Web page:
Preliminary Rounds, Octa-finals and Quarter-finals: 6 + 1 minutes.

Semi-finals: 7 + 1 minutes.

Grand-finals: 8 + 1 minutes.

Reply Speeches: 4 minutes in all Rounds, and 5 minutes in the Grand finals.

4.4 Time signals will be given in the following manner,

Preliminary Rounds and Quarter-finals:

End of first minute – single knock of the gavel.

End of sixth minute – single knock of the gavel.

End of seventh minute – double knock of the gavel.

Semi-finals and Grand Final

End of first minute – single knock of the gavel.

End of seventh minute – single knock of the gavel.

End of eighth minute – double knock of the gavel.

Grand Finals:

End of first minute – single knock of the gavel.

End of eighth minute – single knock of the gavel.

End of ninth minute – double knock of the gavel.

Reply Speeches:

End of third minute – single knock of the gavel.

End of fourth minute – Double knock of the gavel.

Reply Speeches in the Grand Finals:

End of fourth minute – single knock of the gavel.

End of fifth minute – Double knock of the gavel.

4.5 Once the double knock of the gavel has sounded, speakers have a 20-second grace period, during which they should conclude their speech. After this grace period has elapsed, there will be a continuous knocking of the gavel, and adjudicators must disregard the rest of that particular speech. Speakers continuing after the grace period can also be penalized by the adjudicators in the Method category.

4.6 If the speaker concludes his/her speech before the second single knock of the gavel, he or she should be penalized under Method and possibly also under Matter. The latter, assuming that less matter was advanced, or that it was clearly underdeveloped. (See parts 10, 11, and 12 of this document for more on Matter, Manner, and Method)

PART FIVE – POINTS OF INFORMATION

5.1 Points of Information (POIs) may be offered during the six substantive speeches only, after the first single knock of the gavel and up to the second single knock of the gavel. Points of Information may not be offered during the first and last minutes of substantive speeches. If a Point of Information is offered in the first or the last minute of a constructive speech, it is the duty of the speaker holding the floor to reject the same as being out of order. Only if the speaker holding the floor fails to do the same, the chair of the adjudicator panel may very briefly intervene and call the house to order.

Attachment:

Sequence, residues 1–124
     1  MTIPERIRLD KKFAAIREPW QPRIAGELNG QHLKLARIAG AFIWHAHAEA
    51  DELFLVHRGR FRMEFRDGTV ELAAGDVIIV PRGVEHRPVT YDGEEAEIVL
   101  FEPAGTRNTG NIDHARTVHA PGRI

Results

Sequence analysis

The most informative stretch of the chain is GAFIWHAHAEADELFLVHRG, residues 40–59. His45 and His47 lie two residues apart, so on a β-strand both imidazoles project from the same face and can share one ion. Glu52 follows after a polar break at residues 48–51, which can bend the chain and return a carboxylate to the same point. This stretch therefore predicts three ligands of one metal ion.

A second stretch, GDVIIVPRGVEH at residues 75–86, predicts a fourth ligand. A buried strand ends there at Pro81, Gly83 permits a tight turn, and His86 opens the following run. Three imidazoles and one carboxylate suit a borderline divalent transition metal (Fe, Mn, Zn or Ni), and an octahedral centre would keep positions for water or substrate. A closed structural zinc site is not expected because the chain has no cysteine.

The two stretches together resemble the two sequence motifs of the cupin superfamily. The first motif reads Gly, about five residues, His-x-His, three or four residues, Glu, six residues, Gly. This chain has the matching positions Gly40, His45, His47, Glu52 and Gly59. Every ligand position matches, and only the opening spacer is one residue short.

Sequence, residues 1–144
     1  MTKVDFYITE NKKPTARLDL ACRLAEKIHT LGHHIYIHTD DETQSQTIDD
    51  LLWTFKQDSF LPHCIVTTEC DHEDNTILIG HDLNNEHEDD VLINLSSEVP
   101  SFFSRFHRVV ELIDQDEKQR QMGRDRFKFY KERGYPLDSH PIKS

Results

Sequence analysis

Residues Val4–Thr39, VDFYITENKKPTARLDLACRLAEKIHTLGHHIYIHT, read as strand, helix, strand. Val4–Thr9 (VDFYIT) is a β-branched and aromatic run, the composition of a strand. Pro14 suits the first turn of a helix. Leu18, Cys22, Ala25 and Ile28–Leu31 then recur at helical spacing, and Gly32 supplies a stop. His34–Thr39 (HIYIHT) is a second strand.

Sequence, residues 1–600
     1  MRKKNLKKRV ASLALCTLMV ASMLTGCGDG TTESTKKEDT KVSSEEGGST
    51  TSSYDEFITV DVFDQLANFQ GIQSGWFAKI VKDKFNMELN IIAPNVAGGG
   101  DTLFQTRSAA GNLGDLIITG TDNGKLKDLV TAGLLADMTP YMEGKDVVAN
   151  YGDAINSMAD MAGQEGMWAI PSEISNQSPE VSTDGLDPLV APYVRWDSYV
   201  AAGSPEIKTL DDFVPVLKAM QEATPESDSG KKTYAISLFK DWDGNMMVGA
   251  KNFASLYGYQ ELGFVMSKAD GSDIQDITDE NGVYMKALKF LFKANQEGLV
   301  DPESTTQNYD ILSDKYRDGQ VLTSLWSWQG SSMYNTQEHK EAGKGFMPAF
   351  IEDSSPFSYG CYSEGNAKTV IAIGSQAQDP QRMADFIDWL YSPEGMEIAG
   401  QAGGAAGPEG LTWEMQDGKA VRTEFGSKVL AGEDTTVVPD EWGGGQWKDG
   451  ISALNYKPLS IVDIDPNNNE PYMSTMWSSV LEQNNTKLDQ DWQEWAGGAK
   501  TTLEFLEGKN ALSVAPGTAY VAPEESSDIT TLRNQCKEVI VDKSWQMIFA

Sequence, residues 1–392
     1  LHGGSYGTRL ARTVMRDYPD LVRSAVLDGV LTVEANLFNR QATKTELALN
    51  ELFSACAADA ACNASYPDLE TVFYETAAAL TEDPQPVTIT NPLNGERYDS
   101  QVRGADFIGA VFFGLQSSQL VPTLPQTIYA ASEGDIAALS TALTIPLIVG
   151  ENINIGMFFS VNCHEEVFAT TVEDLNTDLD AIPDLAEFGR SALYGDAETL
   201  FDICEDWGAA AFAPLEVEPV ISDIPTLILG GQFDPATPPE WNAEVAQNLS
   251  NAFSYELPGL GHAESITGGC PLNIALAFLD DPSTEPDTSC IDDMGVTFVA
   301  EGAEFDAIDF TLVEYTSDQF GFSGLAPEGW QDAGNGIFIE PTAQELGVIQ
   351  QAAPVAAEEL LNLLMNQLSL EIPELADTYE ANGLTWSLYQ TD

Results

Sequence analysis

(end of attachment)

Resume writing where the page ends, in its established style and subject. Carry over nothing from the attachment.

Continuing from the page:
5.2 A POI must be indicated by a member of an opposing team rising from his/her seat. A member offering a Point of Information may draw attention to the offer by saying “on that point Sir/Madam,” or short headlining tags. These tags cannot be more than two words long and if entire questions are posed in the tag this can be marked down under method.

5.3 A member holding the floor must respond to an opposing member, or members offering POIs, in one of the following ways.

5.3.1 A clear gesture or hand signal rejecting the offer.

5.3.2 A verbal rejection of the offer, or

5.3.3 A verbal acceptance of the offer.

5.4 If a POI is accepted, the point should be phrased as a question, or clarification, or comment, and ideally made in no more than 15 seconds. Points of Information should be such that they allow the member holding the floor some chance of responding.

5.5 After a POI has been offered, no further clarifications may be sought either by the speaker holding the floor or by the member offering the Point of Information, except strictly in situations where the Point of Information is clearly inaudible, and therefore a repetition of the same is necessary.

5.6 Points of Information are marked for their strategic use under Method, and for their content under Matter. Unwarranted use of points of information can be marked down under Manner. (See parts 10, 11, and 12 of this document for more on Matter, Manner, and Method).

PART SIX – ADJUDICATION

6.1 Debates are generally adjudicated by panels of three adjudicators, or, where this is not possible, by a single, senior adjudicator. Larger panels will adjudicate the semi-finals and the finals. The ‘Best Speaker’ of the competition shall be determined on the basis of overall individual points in Phase 1 of the Competition.